- Jennifer Middleton, MD, MPH
The United States Preventive Services Task Force (USPSTF) updated its recommendations for colorectal cancer (CRC) screening last month; it is now a B recommendation for adults aged 45-49 to be screened. (The previous A recommendation for adults aged 50-75 is unchanged.) An increasing prevalence of CRC in younger adults, along with more outcome data from screening younger adults, led to the new recommendation for adults aged 45-49:
[T]he USPSTF determined that beginning screening at age 45 years and continuing to the age of 75 years, for the following screening strategies, yielded a reasonable balance of benefits (life-years gained) and burdens or harms (number of colonoscopies): annual FIT, sDNA-FIT every 1 to 3 years, CT colonography or flexible sigmoidoscopy every 5 years, colonoscopy every 10 years, or flexible sigmoidoscopy every 10 years with annual FIT.
The USPSTF's statement was supported by a systematic review and a modeling study. The systematic review sought to answer: 1) how effective is CRC screening to lower rates of CRC cancer and/or mortality, 2) how accurate are the available screening modalities, and 3) what are the harms of CRC screening. The researchers found that 1) screening via the modalities listed above* decreases cancer rates and improves mortality, 2) several modalities* have reasonable data to support their use, and 3) most harms are due to colonoscopy; since persons with a positive screening test then require colonoscopy, colonoscopy's harms were applied by researchers to the other testing modalities (the article's Table 4 reviews these in-depth). The modeling study used three sophisticated microsimulation models and found that "screening for colorectal cancer with stool tests, endoscopic tests, or computed tomography colonography starting at age 45 years provides an efficient balance of colonoscopy burden and life-years gained."
The studies cited by the systematic review did not separately analyze their data for adults aged 45-49, and the modeling study is limited by the assumptions entered into the model by researchers. Criticism of the new recommendation for adults aged 45-49 centers around the lack of randomized controlled trials specifically examining this population. The capacity to accommodate this additional population segment is also of concern: "[r]eliance on colonoscopy for screening among individuals aged 45 to 49 years might crowd out approximately one-third of individuals aged 50 to 75 years whose [colorectal cancer] screening is not up-to-date, given limited endoscopy capacity in some communities." The new recommendations are also not an endorsement to ignore patients with concerning symptoms under the age of 45, since "[n]early half of patients with early onset CRC are diagnosed before age 45 years...as was the case for the actor Chadwick Boseman, who died from CRC at age 43 years. Symptoms of CRC...should be evaluated promptly with appropriate diagnostic tests."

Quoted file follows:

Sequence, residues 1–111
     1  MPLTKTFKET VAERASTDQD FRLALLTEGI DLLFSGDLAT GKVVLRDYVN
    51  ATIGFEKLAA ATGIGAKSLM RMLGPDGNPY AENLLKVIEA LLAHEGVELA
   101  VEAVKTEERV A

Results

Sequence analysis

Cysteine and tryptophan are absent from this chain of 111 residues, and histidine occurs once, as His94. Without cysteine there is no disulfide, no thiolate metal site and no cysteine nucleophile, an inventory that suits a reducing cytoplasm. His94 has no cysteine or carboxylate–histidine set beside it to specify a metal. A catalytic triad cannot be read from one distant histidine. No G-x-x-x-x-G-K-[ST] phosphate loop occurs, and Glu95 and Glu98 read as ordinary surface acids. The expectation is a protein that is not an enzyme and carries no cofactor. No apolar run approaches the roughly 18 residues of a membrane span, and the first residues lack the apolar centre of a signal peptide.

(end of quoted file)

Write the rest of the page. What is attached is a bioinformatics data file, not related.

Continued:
As family physicians, we should both discuss the new recommendation with patients and also provide guidance regarding the choice of screening modality when appropriate. Although these 2020 AFP Practice Guidelines from the BMJ and the ACP refer to the 2016 USPSTF recommendation statement, their overviews of CRC screening options remain relevant and useful. The USPSTF's website also has this table reviewing the evidence base behind each screening modality.
* recommended screening modalities are annual Fecal Immunochemical Test (FIT), stool DNA-Fecal Immunochemical Test (sDNA-FIT) every 1-3 years, CT colonography or flexible sigmoidoscopy every 5 years, colonoscopy every 10 years, or flexible sigmoidoscopy every 10 years with annual FIT.